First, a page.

Amid much fanfare, a new Swiss law will enter into force on August 1 making it easier for other countries to extract information on tax dodgers. But what exactly does the revised Tax Administrative Assistance Act (TAAC) mean for countries like India?
Some sections of the Indian media immediately hailed the Swiss legislation as the answer to Indian Prime Minister Narendra Modi’s prayers to boost state coffers with the repatriation of ‘black money’ from abroad.
One of Modi’s first acts upon being elected this summer was to set up a Special Investigations Team to dig out the reputed multi-billion dollar stash of undeclared loot from countries such as Switzerland.
But other newspapers have pointed out that Switzerland’s TAAC revisions do not go as far as India would like. For a start, the new law does not in any way alter the most thorny of all tax information exchange issues between India and Switzerland: the use of stolen data to prise secrets from Swiss banks.
Anyone hoping that Switzerland’s law change will automatically lead to the alpine state accepting the notorious stolen HSBC data from India is mistaken. Recent rumours that Switzerland was preparing a list of tax dodgers for India’s convenience were firmly rebuffed by the Swiss authorities.
In fact, the Foreign Banks in Switzerland Association recently told the Indian media that its government must step up its game to produce credible and watertight requests for information under the terms of existing Swiss-Indian agreements.
India has to demonstrate that any information it wants from Switzerland has ‘foreseeable relevance’ to a criminal investigation into tax dodgers in India, according to article 26 of Organisation for Economic Co-operation and Development’s Model Tax Convention, of which Switzerland is a signatory.
So what’s changed?
So what do the TAAC revisions actually change? For one thing, they now make it possible for countries to make group requests on Switzerland. This could speed up the paperwork process considerably where there is evidence of multiple tax dodgers at a particular bank.
And secondly, it significantly waters down a Swiss law that requires account holders to be informed in advance that their data will be handed over to a third party. This greatly reduces the chance of tax dodgers simply withdrawing their assets and vanishing before they can be prosecuted.
These are reasonably significant changes, but they only haul Switzerland up to the level of many other countries.
However, all is not lost for countries like India. Switzerland did not change its laws for no reason, but was responding to criticism from the Global Forum on Transparency and Exchange of Information for Tax Purposes, a body set up to monitor the crackdown on tax evasion on behalf of the OECD and the G20.
In Jakarta last November, the Global Forum said the Switzerland could never meet international standards of transparency until it allowed group requests and stopped tipping off tax cheats about impending investigations.
The TAAC revisions should actually be put into the context of a whole series of reforms that Switzerland has been implementing in the last few years. These include erasing the legal distinction between tax evasion and fraud, loosening the standards of identifying suspected tax cheats and renegotiating dozens of double taxation agreements.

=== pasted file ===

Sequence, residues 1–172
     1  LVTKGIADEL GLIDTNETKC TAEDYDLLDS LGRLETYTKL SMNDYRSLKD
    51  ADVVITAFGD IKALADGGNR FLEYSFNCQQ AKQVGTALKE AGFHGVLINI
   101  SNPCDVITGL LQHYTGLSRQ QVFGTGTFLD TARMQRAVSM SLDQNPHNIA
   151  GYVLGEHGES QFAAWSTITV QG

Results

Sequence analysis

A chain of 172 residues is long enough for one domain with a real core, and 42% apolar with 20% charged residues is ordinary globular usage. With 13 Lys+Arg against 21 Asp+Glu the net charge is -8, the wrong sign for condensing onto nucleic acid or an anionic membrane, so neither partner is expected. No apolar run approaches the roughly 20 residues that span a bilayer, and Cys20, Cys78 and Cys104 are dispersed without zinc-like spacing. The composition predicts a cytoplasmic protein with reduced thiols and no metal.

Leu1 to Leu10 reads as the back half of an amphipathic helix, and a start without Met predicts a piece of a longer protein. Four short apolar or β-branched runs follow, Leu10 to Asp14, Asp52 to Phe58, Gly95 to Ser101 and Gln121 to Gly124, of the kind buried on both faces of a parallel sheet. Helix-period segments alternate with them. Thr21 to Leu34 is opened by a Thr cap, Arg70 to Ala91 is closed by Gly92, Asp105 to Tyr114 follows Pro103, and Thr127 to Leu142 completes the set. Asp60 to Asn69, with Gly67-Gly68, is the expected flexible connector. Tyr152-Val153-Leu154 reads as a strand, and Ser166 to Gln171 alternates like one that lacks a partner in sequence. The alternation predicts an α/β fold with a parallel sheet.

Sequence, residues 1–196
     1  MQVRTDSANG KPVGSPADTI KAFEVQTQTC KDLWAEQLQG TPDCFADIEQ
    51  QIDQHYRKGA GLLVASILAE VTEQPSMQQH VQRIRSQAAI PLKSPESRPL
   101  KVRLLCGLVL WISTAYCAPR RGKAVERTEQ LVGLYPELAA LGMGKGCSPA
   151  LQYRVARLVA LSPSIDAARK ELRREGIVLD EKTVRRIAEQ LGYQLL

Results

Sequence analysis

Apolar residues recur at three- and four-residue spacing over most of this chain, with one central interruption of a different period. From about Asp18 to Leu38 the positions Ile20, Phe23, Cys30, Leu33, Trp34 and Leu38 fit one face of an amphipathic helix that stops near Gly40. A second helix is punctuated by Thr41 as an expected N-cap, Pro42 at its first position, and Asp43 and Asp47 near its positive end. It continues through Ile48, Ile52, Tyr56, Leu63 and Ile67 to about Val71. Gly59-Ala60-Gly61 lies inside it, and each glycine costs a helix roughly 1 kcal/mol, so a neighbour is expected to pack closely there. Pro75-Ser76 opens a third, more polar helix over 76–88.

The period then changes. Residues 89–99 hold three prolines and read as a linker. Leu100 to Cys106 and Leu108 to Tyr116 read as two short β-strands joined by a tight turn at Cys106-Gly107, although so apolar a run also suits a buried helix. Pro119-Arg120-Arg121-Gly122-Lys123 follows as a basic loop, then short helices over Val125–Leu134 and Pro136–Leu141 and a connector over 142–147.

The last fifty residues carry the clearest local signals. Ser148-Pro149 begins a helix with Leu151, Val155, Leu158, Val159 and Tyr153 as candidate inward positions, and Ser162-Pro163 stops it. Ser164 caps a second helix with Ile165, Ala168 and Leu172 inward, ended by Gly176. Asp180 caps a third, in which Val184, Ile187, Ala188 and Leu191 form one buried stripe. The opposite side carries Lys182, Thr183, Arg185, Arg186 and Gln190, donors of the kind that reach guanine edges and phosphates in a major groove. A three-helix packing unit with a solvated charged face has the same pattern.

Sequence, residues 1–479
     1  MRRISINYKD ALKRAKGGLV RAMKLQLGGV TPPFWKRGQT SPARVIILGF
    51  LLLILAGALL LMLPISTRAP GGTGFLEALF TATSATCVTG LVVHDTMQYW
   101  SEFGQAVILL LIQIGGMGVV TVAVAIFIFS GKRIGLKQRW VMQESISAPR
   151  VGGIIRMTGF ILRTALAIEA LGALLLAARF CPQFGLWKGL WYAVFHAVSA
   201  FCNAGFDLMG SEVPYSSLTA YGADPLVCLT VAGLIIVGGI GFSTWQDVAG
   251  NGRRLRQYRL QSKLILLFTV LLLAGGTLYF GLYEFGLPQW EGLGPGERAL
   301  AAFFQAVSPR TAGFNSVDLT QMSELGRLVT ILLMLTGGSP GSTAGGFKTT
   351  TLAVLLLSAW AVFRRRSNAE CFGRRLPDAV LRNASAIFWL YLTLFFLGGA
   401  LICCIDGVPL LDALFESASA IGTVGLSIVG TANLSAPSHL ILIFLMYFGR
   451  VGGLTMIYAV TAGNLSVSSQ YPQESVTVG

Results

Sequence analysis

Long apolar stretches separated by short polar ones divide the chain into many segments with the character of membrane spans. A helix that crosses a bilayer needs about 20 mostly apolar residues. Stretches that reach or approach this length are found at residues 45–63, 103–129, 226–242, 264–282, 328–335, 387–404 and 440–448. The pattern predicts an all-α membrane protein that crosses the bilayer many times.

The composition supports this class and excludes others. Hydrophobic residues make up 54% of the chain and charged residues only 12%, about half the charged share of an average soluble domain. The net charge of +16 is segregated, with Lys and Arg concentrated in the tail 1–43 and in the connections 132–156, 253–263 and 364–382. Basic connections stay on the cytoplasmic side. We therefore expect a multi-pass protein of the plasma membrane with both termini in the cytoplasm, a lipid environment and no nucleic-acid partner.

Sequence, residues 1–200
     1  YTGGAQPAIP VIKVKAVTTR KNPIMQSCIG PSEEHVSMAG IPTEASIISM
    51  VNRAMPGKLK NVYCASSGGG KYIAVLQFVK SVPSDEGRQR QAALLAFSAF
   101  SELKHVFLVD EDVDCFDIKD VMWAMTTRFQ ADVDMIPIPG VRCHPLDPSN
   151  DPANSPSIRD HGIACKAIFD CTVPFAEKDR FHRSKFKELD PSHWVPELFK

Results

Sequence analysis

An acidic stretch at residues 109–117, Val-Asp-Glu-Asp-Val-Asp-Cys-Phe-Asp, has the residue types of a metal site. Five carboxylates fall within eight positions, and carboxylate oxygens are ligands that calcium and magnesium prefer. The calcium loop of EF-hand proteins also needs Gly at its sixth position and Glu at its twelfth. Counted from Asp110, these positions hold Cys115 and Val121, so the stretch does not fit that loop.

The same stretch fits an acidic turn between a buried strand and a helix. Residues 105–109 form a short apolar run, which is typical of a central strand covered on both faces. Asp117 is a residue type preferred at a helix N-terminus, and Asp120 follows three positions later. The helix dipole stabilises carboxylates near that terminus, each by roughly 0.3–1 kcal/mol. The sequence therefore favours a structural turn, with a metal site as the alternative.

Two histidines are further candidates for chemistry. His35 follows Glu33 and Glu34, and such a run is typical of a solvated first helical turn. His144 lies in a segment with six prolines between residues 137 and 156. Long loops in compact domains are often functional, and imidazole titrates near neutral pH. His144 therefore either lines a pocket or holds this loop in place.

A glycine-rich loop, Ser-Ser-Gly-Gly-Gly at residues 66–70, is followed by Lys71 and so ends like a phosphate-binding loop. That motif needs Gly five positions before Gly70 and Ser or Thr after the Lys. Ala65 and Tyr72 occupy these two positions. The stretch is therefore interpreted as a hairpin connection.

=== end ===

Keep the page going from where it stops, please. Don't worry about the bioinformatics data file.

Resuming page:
Put together, that makes for quite an impressive list. But Switzerland’s progress pales in comparison with the efforts of other countries to tackle the scourge of tax evasion.
All or nothing
The only real solution, for advocacy groups like Tax Justice Network, is to devise a multilateral system for automatically exchanging tax information. In other words, a global standard that compels all financial institutions around the world to automatically inform any country’s tax authorities when one of its citizens invests money abroad.
Here too, Switzerland has been making encouraging noises. In October last year, the alpine state signed the OECD/Council of Europe Convention on Mutual Administrative Assistance in Tax Matters, which could allow for the automatic exchange of tax information in certain circumstances.
In May of this year, Switzerland went one stage further by expressly agreeing to take part in automatic information exchange provided that the recently-negotiated global standard governing the system is rubber stamped by all major financial centres.
The OECD presented the final draught outline in July. An important milestone in reaching general acceptance of standard rules would be reached if G20 finance ministers give the thumbs-up at one of their regular get-togethers in September.
The TAAC revisions that come into force in Switzerland on August 1 lay the final foundation stones for the possible adoption of automatic information exchange by Switzerland.
But it still does not end there. Even if Switzerland finally accepts that its banks must automatically exchange information on the activities of its foreign clients, it looks more likely at this stage that the system will be bilateral (requiring a separate treaty with each partner country) than multilateral (a one-size-fits-all framework that every country abides by).
Back to the drawing board then for India and other countries that want to get their hands on Swiss banking secrets. Negotiators will have to thrash out yet another treaty with Switzerland based on new global standards.
And that leaves a few potential sticking points. How do you address the past behaviour of the Swiss financial system that used to shelter undeclared assets that are not covered by new deals, and what can India do with its prized CD of stolen HSBC banking data?